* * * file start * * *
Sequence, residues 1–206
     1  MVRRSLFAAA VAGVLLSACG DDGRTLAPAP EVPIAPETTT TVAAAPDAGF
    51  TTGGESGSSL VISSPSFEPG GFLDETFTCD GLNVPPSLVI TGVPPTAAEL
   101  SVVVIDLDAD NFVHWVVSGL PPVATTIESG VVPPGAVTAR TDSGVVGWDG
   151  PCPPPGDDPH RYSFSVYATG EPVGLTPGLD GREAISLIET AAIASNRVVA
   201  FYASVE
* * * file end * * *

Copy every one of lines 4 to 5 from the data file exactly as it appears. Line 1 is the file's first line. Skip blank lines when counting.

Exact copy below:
   101  SVVVIDLDAD NFVHWVVSGL PPVATTIESG VVPPGAVTAR TDSGVVGWDG
   151  PCPPPGDDPH RYSFSVYATG EPVGLTPGLD GREAISLIET AAIASNRVVA